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What do you do when it doesn’t rain in winter?

11 Aug 2017
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Whatever the weather is like in the Barossa Valley today, Marcos Bonada will be compensating for a lack of rain – and in a number of different ways.

With colleagues from the South Australian Research and Development Institute* (SARDI) and other researchers from CSIRO, Dr Bonada is trialling different irrigation approaches and combinations to try to find the best way to respond to the lower winter rainfall that is becoming a reality in many parts of Australia. The project has been funded by Wine Australia.

‘In most of our cooler regions the vines rely on the moisture stored in the soil for most of their spring and a good part of their summer growth’, he said. ‘Irrigation is only a supplement to maintain the canopy later in the season in most seasons. If we get a dry winter, we go into spring with quite an empty soil profile and the question is how best to manage this.’

The first point to be clear about is that it is best to manage the dry conditions as they arise. Previous research, backed up by early findings from this new trial, shows that if you ignore the problem or just try to compensate by irrigating more heavily in spring, yields suffer. ‘All we got were great big canopies with not many grapes’, Dr Bonada said.

Working in the vineyard at SARDI’s research station near Nuriootpa, the researchers erect a series of rain shelters in autumn and take them down again in spring. Under each one, they try different combinations of sprinklers and dripper irrigation during winter then compare the results with a control site left open to the elements.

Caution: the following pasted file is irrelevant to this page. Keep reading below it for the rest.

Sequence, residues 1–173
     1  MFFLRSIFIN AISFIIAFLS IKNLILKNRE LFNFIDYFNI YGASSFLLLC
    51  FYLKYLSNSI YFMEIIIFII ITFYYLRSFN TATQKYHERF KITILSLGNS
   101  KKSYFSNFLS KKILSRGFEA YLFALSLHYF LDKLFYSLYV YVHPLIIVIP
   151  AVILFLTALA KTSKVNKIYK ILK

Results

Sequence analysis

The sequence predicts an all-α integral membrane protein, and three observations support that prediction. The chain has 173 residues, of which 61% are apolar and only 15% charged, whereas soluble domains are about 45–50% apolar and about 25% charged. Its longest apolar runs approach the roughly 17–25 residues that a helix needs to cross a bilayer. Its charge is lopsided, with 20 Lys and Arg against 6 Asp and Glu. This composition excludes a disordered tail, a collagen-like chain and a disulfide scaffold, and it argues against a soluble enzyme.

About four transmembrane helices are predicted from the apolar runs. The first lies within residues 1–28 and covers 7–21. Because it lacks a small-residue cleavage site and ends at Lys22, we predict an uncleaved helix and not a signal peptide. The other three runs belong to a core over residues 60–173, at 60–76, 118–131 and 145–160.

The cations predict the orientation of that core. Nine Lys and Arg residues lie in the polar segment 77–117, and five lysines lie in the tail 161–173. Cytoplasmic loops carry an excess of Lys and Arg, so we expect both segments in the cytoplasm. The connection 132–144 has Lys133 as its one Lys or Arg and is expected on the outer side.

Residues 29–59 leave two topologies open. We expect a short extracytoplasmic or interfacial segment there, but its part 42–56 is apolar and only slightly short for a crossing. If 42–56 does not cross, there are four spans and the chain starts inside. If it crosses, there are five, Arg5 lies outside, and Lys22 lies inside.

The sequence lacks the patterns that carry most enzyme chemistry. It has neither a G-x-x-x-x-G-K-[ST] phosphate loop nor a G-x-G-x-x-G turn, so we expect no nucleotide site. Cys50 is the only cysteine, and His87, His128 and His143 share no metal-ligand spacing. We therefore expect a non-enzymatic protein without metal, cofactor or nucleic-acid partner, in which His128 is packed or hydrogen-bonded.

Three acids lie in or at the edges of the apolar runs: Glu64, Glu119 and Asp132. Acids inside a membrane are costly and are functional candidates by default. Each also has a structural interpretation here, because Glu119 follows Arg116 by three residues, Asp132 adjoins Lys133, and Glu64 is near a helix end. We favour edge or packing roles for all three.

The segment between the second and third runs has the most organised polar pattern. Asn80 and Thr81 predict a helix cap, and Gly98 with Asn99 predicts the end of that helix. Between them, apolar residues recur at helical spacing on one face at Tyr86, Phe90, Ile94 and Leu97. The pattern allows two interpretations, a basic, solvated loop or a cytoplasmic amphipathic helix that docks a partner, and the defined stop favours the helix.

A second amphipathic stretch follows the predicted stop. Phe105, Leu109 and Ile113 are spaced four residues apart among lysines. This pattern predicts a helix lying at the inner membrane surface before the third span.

‘We’ve done two proper seasons and have just begun our third’, Dr Bonada said.

‘In the first season the vines that were under the covers, whether they had drippers or sprinklers, didn’t perform as well as the ones that were exposed. In the next season, the vines that had the sprinklers did as well as the ones that were exposed, but the drippers still didn’t perform well.’

That’s probably not surprising; a sprinkler should be a better substitute for rain than a dripper because it covers a greater area of soil. And that’s important in cooler regions, where the vine roots are spread right across the row.

However, many vineyards use drippers and it would be a big decision for owners and managers to invest in a new system. So, if the current study continues to show that traditional drippers used to apply water during winter don’t quite cut it, then the next phase of research is to try to develop better regimes for dripper management.

‘Do you put more water on into spring, for example, or look at different ways of applying irrigation? At the moment, we just do fortnightly applications but maybe we are better to apply smaller amounts more regularly or larger amounts less frequently’, Dr Bonada said.

‘Or do we look at installing drippers in different configurations; for example, burying of the dripper line down the mid row so you can water a wider area of soil surface.’


* SARDI is a division of Primary Industries and Regions SA (PIRSA).

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This content is restricted to wine exporters and levy-payers. Some reports are available for purchase to non-levy payers/exporters.